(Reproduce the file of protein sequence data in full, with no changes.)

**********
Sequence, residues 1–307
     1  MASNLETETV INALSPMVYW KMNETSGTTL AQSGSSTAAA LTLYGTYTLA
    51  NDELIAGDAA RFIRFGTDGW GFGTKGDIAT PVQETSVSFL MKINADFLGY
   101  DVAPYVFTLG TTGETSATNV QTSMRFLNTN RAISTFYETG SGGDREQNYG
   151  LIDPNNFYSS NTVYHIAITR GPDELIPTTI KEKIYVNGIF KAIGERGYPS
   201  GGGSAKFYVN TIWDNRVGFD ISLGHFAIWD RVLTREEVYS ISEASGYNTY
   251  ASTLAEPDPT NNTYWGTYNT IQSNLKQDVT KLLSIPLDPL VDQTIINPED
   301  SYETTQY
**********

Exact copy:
Sequence, residues 1–307
     1  MASNLETETV INALSPMVYW KMNETSGTTL AQSGSSTAAA LTLYGTYTLA
    51  NDELIAGDAA RFIRFGTDGW GFGTKGDIAT PVQETSVSFL MKINADFLGY
   101  DVAPYVFTLG TTGETSATNV QTSMRFLNTN RAISTFYETG SGGDREQNYG
   151  LIDPNNFYSS NTVYHIAITR GPDELIPTTI KEKIYVNGIF KAIGERGYPS
   201  GGGSAKFYVN TIWDNRVGFD ISLGHFAIWD RVLTREEVYS ISEASGYNTY
   251  ASTLAEPDPT NNTYWGTYNT IQSNLKQDVT KLLSIPLDPL VDQTIINPED
   301  SYETTQY